Dessa

Dessa is a rapper, an essayist, and a proud member of the Doomtree collective. She's got a philosophy degree and a weakness for amaretto. You can find her music at www.doomtree.net/dessa; follow her at @dessadarling.

Books That Exploded Me

Posted by: Dessa under Education and literacy, Continuing education Updated: January 10, 2014 - 6:27 PM

The Uptown bookstore Magers & Quinn asked me to make a list of books that I'd recommend. The list didn't have to be guided by any topic or style, so I just decided to assemble the ten titles that are the loudest in my head--each of the books below has a scene or passage that regularly rises up into my brain while I'm busy driving, talking on the phone, or burning something on the stove. 

1. Teaching a Stone to Talk by Annie Dillard

“The mind wants to live forever, or to learn a very good reason why not. The mind wants the world to return its love, or its awareness... The mind's sidekick, however, will settle for two eggs over easy. The dear, stupid body is easily satisfied as a spaniel. And, incredibly, the simple spaniel can lure the brawling mind to its dish. It is everlastingly funny that the proud, metaphysically ambitious mind will hush if you give it an egg.”

2. A Heartbreaking Work of Staggering Genius by David Eggers

Includes a residential floorplan, rendered in autoCAD or something similar, that mapped the ideal vector of a running approach for a slide in stocking feet, a la Risky Business

3. On the Shortness of Life by Seneca

“You will find no one willing to share out his money; but to how many does each of us divide up his life!...No one will bring the years back; no one will restore you to yourself.”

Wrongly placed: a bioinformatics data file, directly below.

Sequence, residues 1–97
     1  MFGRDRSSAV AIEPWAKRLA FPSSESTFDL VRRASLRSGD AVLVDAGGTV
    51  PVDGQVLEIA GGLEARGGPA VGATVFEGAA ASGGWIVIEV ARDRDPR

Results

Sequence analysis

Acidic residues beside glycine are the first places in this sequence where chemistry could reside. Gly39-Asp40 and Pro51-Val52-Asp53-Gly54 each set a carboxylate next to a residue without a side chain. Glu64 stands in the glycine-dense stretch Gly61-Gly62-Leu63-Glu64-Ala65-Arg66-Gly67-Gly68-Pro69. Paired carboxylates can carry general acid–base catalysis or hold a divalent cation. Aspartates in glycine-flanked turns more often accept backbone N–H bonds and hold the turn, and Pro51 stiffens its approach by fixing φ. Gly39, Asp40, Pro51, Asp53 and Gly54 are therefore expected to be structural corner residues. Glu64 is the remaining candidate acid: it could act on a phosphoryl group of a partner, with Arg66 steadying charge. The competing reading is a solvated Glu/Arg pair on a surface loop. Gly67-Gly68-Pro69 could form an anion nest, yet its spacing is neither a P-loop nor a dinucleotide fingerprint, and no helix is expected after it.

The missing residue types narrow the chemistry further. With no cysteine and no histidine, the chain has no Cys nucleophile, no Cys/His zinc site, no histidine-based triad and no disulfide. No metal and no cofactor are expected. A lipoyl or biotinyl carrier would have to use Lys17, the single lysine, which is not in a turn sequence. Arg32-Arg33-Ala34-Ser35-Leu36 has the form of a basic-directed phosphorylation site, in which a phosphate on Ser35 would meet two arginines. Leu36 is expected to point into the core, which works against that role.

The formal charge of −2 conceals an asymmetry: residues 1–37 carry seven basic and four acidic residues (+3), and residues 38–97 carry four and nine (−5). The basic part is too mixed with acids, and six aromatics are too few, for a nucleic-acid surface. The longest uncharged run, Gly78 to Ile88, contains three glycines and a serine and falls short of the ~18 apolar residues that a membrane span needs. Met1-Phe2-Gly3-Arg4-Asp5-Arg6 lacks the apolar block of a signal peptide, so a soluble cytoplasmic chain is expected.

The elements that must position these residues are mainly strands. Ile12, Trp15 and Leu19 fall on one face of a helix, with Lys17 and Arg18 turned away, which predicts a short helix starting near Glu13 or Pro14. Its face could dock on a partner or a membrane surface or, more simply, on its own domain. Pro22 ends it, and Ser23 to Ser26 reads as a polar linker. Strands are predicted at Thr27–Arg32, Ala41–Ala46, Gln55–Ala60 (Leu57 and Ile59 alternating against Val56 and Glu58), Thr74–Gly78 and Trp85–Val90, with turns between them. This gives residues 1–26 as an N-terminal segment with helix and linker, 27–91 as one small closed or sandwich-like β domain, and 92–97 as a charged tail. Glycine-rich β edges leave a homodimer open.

4. The Omnivore’s Dilemma by Michael Pollan

The section on corn and carbon explains how isotopes in human body tissue can be tested to reveal how much corn we’ve eaten in our lifetime.

5. Consider the Lobster by David Foster Wallace

“In this country, SWE [Standard Written English] is perceived as the dialect of education and intelligence and power and prestige, and anybody of any race, ethnicity, religion, or gender who wants to succeed in American culture has got to be able to use SWE… You can be glad about it or sad about it or deeply pissed off. You can believe it's racist and unjust and decide right here and now to spend every waking minute of your adult life arguing against it, and maybe you should, but I'll tell you something: If you ever want those arguments to get listened to and taken seriously, you're going to have to communicate them SWE, because SWE is the dialect our country uses to talk to itself.”

6. Willful Creatures by Aimee Bender

“He gets bored with his expensive (but worth it) pet and puts a few drops of cleaning agent into his water bottle, so he can watch the little man hallucinate.”

7. New and Selected Poems by Mary Oliver

“Nevermind that he is only a memo from the offices of fear,” from the “Little Owl Who Lives in the Orchard”

8. Infidel by Ayaan Hirsi Ali

Includes a scene in which a circumcised girl boasts that the space between her legs is as flat and featureless as her palm.

9. Middlesex by Jeffrey Eugenides

Describes the confines of a rocking boat in which two people who should definitely not be having sex, are having loads of sex. 

10. All Trivia by Logan Pearsall Smith

“Aphorisms.” I learned that word from this book. To my surprise, I also learned that a professional author was allowed to make a whole book of them: plot and character are—like everything in art—electives only.

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